Georgetown School of Bussiness Hosts Panel: The Internet and Communications Regulation

The Georgetown University McDonough School of Business held a panel on June 10, 2014 titled “The Internet and Communications Regulation: A Policy and Technology Symposium,” covering policy points on Net Neutrality, the FCC, Internet infrastructure, and Title II classification for ISPs. Larry Downes, Senior Industry and Innovation fellow at the Georgetown Center for Business and Public Policy, introduced and moderated the panel. Blair Levin, Communications and Society fellow at the Aspen Institute offered opening remarks on the future of the internet including possible new infrastructure and effects of policy on ISPS. Patrick Gilmore, Chief Technology officer at the Markley Group gave a short history of the Internet and a brief explanation on how the Internet operates. Other panelists included Robert Atkinson, President of the Information Technology & Innovation Foundation, Jeffrey Campbell, Vice President of Cisco Government Affairs, and Brent Olson, Vice President of Public Policy of AT&T.

The panel, primarily populated by industry leaders who are well educated on Internet infrastructure quickly separated itself from the typical panels on Capitol Hill. In particular, Patrick Gilmore stood out as an engineer and technical insider of the Internet industry who could explain how the Internet worked on a technical level such as the role of peering and the nature of how data gets from the ISP to the consumer.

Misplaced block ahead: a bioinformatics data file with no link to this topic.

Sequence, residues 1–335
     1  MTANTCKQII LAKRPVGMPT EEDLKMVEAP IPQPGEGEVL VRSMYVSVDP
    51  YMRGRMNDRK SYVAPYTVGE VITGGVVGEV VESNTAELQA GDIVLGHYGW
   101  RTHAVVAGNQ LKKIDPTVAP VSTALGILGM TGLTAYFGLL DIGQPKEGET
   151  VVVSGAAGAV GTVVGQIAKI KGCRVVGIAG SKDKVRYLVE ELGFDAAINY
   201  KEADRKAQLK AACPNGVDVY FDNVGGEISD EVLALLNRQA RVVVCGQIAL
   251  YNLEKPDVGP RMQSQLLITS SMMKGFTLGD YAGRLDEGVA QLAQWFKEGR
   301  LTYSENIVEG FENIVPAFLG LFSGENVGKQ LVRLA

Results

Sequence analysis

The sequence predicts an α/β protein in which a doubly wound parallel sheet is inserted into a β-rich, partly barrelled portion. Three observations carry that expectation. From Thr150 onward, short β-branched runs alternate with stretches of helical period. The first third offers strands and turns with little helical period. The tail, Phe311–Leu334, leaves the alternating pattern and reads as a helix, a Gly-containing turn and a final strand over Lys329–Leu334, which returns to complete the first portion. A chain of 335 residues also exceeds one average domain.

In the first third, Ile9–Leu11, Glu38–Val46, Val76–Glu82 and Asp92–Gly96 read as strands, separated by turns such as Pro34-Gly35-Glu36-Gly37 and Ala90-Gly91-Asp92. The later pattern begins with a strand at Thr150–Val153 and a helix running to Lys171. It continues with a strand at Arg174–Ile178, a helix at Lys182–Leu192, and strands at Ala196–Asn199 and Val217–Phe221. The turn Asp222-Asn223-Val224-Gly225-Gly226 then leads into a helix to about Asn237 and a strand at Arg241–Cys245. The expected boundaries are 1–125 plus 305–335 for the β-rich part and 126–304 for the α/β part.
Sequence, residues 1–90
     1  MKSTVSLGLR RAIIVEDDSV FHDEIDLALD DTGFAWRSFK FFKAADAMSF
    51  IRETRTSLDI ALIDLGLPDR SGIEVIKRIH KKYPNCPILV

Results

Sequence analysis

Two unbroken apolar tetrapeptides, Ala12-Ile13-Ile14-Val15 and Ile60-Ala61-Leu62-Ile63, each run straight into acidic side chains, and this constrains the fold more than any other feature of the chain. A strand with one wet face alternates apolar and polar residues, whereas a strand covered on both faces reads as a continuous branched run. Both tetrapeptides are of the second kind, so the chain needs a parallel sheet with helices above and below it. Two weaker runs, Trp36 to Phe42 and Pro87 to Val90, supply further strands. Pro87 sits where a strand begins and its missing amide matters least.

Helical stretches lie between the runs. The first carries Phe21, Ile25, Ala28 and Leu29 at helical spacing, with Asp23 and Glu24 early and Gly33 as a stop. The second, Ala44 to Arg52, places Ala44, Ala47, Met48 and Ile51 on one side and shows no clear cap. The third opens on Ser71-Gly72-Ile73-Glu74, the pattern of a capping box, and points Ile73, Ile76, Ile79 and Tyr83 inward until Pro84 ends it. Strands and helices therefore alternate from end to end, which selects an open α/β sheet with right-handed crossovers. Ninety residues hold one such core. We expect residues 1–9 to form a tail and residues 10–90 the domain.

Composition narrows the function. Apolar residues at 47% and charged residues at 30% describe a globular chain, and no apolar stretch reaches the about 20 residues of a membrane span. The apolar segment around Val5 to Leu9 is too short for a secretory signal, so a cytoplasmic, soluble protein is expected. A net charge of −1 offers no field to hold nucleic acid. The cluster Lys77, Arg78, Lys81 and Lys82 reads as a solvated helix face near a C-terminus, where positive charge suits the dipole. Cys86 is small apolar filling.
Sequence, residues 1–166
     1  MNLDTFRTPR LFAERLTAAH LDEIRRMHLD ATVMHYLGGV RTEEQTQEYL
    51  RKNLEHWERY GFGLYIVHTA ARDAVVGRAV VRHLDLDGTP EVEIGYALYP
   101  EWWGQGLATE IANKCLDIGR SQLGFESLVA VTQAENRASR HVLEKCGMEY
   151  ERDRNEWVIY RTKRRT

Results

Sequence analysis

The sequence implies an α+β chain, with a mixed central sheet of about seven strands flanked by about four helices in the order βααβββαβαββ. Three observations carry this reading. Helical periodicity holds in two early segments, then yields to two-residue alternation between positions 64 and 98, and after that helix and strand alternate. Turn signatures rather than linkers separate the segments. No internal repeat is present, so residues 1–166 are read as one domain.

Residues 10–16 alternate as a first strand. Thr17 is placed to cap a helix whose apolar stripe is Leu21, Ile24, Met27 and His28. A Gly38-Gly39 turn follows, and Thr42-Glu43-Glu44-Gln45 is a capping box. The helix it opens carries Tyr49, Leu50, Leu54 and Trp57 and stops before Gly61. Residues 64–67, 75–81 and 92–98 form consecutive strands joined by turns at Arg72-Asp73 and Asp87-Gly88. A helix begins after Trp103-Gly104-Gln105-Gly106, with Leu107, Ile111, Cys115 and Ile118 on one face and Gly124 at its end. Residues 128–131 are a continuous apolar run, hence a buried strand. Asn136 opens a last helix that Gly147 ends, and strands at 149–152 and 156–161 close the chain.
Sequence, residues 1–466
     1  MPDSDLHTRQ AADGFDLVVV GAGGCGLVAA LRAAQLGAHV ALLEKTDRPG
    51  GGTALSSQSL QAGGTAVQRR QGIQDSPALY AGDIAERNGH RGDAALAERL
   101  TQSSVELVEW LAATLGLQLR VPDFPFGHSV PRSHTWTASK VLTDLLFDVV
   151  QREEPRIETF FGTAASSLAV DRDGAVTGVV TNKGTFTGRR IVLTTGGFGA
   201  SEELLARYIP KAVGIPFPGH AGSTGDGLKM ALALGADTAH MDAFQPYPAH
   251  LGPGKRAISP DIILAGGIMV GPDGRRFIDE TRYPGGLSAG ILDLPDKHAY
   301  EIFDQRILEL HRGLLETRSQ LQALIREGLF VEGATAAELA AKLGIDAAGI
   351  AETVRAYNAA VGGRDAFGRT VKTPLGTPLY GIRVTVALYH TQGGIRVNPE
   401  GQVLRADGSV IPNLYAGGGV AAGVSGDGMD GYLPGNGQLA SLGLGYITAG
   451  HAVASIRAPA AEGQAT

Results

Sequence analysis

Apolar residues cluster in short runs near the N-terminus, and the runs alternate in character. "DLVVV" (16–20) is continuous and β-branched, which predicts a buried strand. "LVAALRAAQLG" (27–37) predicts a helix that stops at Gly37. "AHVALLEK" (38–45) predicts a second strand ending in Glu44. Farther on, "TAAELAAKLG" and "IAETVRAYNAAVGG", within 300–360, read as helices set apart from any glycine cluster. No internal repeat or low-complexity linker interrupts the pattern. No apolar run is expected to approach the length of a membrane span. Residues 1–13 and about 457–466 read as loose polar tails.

Panelists unanimously held the opinion that Title II reclassification by the FCC would be a disastrous direction for the industry. It was also agreed, that increased bandwidth availability would be helpful in solving issues within the Internet infrastructure. However, panelists did not agree on the methods for increasing bandwidth within the infrastructure.  Discussions included: whether or not the private market is truly self-correcting; will fiber rollout continue and continue to provide faster speeds; and disagreed on the predictability of Internet infrastructure innovation. 

No matter what the FCC rules in the coming months on Net Neutrality there is technically no such thing as Internet “, fast and slow lanes.”  This characterization is simply political jargon meant to cause dissention.

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